For example, when you start to work out, at first you benefit greatly and your results get dramatically better. But the longer you continue working out, each individual training session has a smaller impact. If you work out too often, the utility diminishes and you’ll start to suffer from the symptoms of overtraining.
Another example is that if you eat one candy, you’ll get a lot of pleasure. But if you eat too much candy, you may gain weight and increase your risk to all kinds of sicknesses. This paradox of benefits should always be remembered when we evaluate the consequences of actions. What is the common good now may not be the common good in the future.
The problems of utilitarianism
Utilitarianism is not a perfect account on moral decision making. It has been criticized on many grounds. For example, utilitarian calculation requires that we assign values to the benefits and harm resulting from our actions and compare them with the consequences that might result from other actions. But it’s often difficult, if not impossible, to measure and compare the values of all relevant benefits and costs in advance.
"Risk" is commonly used to mean a likelihood of a danger or a hazard that arises unpredictably, or in a more technical sense, the probability of some resulting degree of harm. In AI ethics, harm and risks are taken to arise from design, inappropriate application, or intentional misuse of technology. Typical examples are risks such as discrimination, violation of privacy, security issues, cyberwarfare, or malicious hacking. In practice, it is difficult to compare the risks and benefits for the following reasons:
Firstly, risks and benefits are influenced by value commitments, subjective and diverse preferences, practical circumstances, and personal and cultural factors.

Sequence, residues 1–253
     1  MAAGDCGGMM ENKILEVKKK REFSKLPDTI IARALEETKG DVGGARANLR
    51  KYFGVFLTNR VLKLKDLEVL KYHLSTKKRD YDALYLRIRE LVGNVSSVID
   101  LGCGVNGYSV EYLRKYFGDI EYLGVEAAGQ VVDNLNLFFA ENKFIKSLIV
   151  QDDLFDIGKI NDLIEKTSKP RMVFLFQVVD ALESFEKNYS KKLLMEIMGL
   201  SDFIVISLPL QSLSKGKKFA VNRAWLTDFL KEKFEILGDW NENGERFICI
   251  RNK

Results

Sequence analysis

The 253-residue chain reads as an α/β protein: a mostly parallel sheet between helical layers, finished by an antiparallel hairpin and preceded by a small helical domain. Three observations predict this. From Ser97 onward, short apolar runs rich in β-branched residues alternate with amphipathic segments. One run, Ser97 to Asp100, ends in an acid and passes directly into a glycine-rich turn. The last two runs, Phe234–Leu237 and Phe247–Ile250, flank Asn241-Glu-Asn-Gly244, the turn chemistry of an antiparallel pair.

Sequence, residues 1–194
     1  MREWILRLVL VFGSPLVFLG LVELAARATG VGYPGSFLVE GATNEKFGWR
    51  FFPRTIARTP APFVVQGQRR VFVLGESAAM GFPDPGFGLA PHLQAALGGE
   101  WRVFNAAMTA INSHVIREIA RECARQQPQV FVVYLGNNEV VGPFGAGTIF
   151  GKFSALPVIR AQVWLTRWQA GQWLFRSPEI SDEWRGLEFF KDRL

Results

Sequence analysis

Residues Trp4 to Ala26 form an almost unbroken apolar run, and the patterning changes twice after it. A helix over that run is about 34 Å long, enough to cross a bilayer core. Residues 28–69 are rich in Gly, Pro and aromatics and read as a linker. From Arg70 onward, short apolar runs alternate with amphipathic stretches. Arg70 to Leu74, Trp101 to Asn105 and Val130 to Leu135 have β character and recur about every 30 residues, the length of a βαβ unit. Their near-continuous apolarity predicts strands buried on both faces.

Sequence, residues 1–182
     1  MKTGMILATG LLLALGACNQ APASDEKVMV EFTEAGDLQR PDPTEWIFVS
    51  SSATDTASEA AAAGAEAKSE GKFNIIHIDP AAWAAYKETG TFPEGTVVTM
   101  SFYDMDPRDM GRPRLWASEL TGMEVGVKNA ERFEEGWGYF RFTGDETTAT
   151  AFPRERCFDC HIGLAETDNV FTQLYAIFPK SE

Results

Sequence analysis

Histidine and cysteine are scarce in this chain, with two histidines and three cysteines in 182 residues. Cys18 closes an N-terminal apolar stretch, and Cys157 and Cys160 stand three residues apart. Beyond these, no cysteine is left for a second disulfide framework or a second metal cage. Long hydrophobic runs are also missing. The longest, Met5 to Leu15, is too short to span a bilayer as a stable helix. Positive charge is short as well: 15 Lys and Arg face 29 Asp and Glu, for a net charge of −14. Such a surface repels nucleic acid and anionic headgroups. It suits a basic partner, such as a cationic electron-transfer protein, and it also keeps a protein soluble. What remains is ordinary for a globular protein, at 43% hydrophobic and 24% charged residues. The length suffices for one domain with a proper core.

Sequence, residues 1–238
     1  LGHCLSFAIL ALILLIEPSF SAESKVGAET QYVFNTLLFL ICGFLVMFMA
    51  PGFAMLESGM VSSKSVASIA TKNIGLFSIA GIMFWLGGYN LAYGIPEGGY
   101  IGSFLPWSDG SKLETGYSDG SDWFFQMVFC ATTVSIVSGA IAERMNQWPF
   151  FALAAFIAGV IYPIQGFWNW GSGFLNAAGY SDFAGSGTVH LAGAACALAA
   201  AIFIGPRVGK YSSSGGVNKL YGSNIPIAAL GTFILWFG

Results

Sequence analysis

Secondly, harm and benefits are not static. The marginal utility of an item diminishes in a way that can be difficult to foresee. Moreover, a specific harm or a specific benefit may have different utility value in different circumstances. For example, whether or not the faster car will be more beneficial depends on the intended use of it – if it is intended to be a school bus, then we should prioritize safety, but if it is used as a racing car, then the answer may be different.
Thirdly, real-world situations are typically so complex that it is difficult to foresee or compare all the risks and benefits in advance. For example, let’s analyze the possible consequences of military robotics. Although contemporary military robots are largely remotely operated or semi-autonomous, over time they are likely to become fully autonomous. According to some estimates, robots reduce civilian and military casualties. But according to other estimates, they do not reduce the risk to civilians. Statistically, in the first decades of war in the 21st century, robotic weaponry has been involved in numerous killings of both soldiers and noncombatants. The possibility to use various techniques – such as adversarial patches (which interrupt a machine’s ability to properly classify images) – to fool and manipulate automated weapons complicates the situation by increasing the specific risk of causing harm to civilians. The overall level of risks is also dependent on the ease in which wars might be declared if robots are taking most of the physical risk.
Fourthly, utilitarianism fails to take into account other moral aspects. It is easy to imagine situations where developed technology would produce great benefits for societies, but its use would still raise important ethical questions. For example, let’s think about the case of a preventive healthcare system. The system may indeed be beneficial for many, but it still forces us to ask whether fundamental human rights, such as privacy, matter. Or what happens to the citizen’s right not to know about possible health problems? (Many of us would want to know if we are in a high-risk group, but what if someone does not want to know? Can a city force that knowledge on them?) Or, how can we make it sure that everyone has equal access to the possible benefits of a preventative system?